1 of 1 people found the following review helpful
5.0 out of 5 stars A Smith Sampler? Aug. 19 2012
By Paul Magnussen - Published on Amazon.com
Format:Mass Market Paperback
No one before or since has written like Cordwainer Smith: the strange, soaring stories, with their hints of even further unglimpsed depths and wonders, were one of the delights of my youthful exploration of SF, and are a recurring source of pleasure even now.

Unfortunately Smith was ill-served by his early publishers: his one longish novel (Norstrilia) was hacked into two parts (The Planet Buyer and The Underpeople), and the short stories (which originally appeared in magazines like Fantasy & Science Fiction ) were splattered around different compilations at random.

Now Norstrilia has been restored and published intact, and all 33 shorts have all been collected into one properly-edited volume: The Rediscovery of Man (N.B. NOT the abridged Gollancz paperback of the same title).

This slim volume might reasonably be described as a sampler, and contains the following:

• Mother Hitton's Littul Kittens
• The Dead Lady of Clown Town
• Drunkboat
• The Ballad of Lost C'mell

The Ace edition apparently also contains "A Planet Named Shayol"; the 1970 Sphere edition does not.

In the Sphere edition at least, there is no Table of Contents. There is, however, a longish and rather touching letter of dedication in memoriam by the author.
3 of 6 people found the following review helpful
5.0 out of 5 stars Great Book Dec 22 1999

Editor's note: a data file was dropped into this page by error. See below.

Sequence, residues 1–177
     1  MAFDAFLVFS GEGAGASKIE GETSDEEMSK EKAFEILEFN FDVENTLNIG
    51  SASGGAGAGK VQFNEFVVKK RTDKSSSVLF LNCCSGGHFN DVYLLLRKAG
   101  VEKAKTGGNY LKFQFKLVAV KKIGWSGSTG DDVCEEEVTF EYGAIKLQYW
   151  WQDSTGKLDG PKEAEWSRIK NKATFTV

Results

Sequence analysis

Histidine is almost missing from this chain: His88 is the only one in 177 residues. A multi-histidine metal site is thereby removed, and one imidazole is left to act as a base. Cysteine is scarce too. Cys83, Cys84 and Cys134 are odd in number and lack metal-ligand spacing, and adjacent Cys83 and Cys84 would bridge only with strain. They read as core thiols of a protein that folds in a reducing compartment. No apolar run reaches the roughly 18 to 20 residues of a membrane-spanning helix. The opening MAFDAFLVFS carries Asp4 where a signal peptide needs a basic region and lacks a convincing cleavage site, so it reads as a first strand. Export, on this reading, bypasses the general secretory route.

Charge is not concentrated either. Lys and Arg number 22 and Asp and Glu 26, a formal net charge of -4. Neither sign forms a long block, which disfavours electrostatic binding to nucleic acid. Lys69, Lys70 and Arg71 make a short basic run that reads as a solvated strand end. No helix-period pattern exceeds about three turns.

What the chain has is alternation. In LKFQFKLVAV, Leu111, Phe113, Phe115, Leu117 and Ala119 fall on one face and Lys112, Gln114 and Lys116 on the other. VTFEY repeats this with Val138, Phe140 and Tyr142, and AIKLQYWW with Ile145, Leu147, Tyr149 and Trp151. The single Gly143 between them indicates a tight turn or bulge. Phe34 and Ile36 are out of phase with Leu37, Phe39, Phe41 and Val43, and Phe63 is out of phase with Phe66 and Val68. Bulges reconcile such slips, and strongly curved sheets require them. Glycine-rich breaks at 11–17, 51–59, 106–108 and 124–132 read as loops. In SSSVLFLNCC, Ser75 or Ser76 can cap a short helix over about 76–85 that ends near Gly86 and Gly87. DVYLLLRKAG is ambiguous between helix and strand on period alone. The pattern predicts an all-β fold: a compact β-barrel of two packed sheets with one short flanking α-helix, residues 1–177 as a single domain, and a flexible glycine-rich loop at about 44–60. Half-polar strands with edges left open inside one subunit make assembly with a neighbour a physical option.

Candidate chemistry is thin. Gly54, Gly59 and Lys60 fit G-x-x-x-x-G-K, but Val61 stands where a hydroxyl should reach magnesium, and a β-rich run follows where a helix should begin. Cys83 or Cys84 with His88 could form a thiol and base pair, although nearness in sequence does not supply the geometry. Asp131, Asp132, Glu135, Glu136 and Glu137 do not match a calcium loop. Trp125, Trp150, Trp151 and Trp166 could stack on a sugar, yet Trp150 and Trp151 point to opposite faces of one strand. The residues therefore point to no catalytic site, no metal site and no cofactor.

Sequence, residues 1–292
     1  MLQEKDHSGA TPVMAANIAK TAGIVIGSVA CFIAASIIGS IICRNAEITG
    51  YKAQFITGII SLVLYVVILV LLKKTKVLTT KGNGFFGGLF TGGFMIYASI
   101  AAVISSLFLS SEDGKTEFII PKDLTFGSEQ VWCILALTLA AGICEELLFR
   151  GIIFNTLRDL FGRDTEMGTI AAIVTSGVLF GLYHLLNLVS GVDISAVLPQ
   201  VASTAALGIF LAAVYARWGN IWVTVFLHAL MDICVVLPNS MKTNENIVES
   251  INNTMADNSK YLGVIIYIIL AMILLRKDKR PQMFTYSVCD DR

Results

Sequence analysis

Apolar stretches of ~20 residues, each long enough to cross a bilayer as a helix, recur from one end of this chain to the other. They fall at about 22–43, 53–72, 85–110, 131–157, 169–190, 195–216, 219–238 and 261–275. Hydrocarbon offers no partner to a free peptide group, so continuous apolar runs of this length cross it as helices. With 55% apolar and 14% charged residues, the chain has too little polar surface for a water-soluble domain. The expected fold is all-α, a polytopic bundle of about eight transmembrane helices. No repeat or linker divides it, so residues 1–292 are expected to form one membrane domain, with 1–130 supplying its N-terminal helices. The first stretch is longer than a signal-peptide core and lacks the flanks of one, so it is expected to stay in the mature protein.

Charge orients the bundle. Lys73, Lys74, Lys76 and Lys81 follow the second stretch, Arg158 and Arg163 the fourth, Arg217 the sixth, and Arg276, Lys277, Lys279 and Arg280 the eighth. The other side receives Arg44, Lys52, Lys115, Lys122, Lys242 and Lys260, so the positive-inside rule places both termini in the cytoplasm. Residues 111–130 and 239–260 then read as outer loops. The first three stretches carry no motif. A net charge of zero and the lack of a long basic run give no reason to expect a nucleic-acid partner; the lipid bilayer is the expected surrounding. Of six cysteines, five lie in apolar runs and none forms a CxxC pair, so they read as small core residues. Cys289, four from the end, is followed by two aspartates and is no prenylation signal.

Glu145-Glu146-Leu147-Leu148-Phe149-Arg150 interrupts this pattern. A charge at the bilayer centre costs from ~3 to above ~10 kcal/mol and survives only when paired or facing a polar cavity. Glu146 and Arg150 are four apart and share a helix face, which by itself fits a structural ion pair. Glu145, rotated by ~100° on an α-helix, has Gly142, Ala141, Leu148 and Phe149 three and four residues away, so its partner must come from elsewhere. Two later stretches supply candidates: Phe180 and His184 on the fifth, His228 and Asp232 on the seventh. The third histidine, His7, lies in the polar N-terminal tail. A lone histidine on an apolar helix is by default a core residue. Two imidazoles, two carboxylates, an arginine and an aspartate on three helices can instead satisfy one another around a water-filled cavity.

By Juan Velasquez - Published on Amazon.com
Format:Mass Market Paperback
I first read this book when I was about 11 years old (I'm 46 now). It has always stayed in my mind. In particular, the character C'Mell.
1 of 4 people found the following review helpful
3.0 out of 5 stars The faults and triumphs of absurdity and poetry in SF Nov. 11 2012
By M-I-K-E 2theD - Published on Amazon.com
Format:Mass Market Paperback
Last year in 2011, I picked up the novel Norstrilia (1975) to discover why it was held in high regard among older science fiction readers. After grudgingly completing the novel and surmising that only nostalgia could provoke such admiration for the novel, I gave it a sold two-star rating and suggested to myself that a collection of short stories by Cordwainer Smith may hold some redemption. Here is where I stared down my copy of Space Lords and swore at it not to annoy be as much as Norstrilia did in the prior year: absurdity springing up everywhere, bad poetry and ballads spread throughout, and a plot direction with less bearing than a drunk giraffe.